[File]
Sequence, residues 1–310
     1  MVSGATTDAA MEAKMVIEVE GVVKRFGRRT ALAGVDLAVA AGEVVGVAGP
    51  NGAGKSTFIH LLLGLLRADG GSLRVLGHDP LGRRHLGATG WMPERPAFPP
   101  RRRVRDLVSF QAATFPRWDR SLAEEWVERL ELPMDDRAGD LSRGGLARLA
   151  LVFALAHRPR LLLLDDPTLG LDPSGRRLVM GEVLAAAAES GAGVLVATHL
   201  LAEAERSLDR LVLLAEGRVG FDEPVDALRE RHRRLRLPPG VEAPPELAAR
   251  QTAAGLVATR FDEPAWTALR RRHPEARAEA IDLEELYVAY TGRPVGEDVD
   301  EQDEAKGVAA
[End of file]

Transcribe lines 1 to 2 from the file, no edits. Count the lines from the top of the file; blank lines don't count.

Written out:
Sequence, residues 1–310
     1  MVSGATTDAA MEAKMVIEVE GVVKRFGRRT ALAGVDLAVA AGEVVGVAGP